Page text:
Outer Dark by Cormac McCarthy

Outer Dark

Outer Dark by Cormac McCarthy is a dark and haunting tale of mankind’s blindness, set against a bleak backdrop. The novel follows the story of Rinthy, a woman who discovers her brother has left her newborn baby in the woods to die.

She sets out to find the baby for herself, and along the way, she encounters a variety of characters who are all struggling with their own darkness and despair.

The novel explores themes of darkness, blindness, namelessness, sickness, and violence, and draws from the long tradition of existentialist literature.

The book is a grim reminder of the darkness that can consume us if we are not careful. It is a cautionary tale that shows how easily we can be sucked into our own mire, even in the light of day.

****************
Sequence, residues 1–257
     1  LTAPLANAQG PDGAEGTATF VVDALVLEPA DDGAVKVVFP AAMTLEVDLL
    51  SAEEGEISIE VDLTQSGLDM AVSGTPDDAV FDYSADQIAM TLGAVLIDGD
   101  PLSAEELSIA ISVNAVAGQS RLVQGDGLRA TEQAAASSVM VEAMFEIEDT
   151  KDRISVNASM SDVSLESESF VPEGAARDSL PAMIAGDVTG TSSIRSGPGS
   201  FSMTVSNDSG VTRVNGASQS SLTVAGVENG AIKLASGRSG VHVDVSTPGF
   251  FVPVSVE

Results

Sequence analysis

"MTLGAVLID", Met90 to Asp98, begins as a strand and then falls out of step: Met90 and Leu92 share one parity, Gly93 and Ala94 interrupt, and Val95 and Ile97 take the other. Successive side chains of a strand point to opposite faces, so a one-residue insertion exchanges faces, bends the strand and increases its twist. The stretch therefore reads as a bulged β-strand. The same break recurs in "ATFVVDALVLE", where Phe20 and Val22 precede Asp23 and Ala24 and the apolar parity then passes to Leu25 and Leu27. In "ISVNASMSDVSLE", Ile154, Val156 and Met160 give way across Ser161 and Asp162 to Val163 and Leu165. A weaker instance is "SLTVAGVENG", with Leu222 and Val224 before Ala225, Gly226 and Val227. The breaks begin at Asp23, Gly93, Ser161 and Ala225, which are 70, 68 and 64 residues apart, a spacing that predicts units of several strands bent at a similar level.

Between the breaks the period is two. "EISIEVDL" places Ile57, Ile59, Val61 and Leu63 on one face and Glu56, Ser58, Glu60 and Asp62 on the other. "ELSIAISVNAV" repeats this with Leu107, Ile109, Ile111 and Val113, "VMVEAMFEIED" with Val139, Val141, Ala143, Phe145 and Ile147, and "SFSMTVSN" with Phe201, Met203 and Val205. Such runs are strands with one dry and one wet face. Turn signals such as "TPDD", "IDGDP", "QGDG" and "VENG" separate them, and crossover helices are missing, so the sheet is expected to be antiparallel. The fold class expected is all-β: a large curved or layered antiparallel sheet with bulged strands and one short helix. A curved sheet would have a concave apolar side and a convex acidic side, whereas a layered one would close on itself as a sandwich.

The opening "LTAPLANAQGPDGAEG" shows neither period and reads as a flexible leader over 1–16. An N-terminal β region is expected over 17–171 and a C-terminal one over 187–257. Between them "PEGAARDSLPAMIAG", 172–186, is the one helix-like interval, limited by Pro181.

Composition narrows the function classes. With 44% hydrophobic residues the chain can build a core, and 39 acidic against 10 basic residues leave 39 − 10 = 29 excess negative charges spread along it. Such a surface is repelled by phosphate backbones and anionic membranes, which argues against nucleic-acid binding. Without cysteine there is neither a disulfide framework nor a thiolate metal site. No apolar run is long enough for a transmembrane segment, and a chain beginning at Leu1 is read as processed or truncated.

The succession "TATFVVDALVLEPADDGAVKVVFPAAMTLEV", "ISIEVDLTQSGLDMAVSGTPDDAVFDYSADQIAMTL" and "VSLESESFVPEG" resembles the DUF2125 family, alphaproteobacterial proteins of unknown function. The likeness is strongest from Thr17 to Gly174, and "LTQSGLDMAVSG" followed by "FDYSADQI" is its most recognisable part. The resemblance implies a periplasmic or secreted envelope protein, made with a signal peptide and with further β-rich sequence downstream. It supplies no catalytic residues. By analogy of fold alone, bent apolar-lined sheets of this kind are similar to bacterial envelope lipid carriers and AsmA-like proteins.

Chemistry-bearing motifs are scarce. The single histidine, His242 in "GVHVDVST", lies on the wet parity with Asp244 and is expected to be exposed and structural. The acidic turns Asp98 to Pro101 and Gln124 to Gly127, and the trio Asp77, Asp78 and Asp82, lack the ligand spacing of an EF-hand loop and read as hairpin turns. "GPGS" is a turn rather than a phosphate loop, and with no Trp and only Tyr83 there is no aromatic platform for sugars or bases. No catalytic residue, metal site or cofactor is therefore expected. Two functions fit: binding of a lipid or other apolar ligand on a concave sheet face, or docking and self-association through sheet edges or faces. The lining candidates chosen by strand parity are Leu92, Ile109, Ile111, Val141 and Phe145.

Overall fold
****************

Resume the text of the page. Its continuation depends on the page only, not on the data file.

McCarthy creates a world devoid of God, purpose, and causality, and his vivid descriptions bring this world to life. The novel is a powerful exploration of the human condition, and its themes of darkness and despair will stay with readers long after they have finished the book.

What I Liked

Like The Road, the prose is absolutely unmatched. The scenes, plot, and characters are simply brilliant. I love how this is the type of book that will deliver a (good but tough) emotional punch in the gut so to speak and really make you think outside yourself and try to inhabit other lives lived – the ultimate job of good literature.

What I Did Not Like

Ooooo wowza is this book dark and tough. I thought The Road was violent and dark until I read this book. However. There is absolutely nothing in this book that has not happened thousands of times in the real world. It is not fantasy. It’s real – all too real. So there’s nothing that I would change about the book…I just can’t recommend it wholeheartedly to anyone, anytime.

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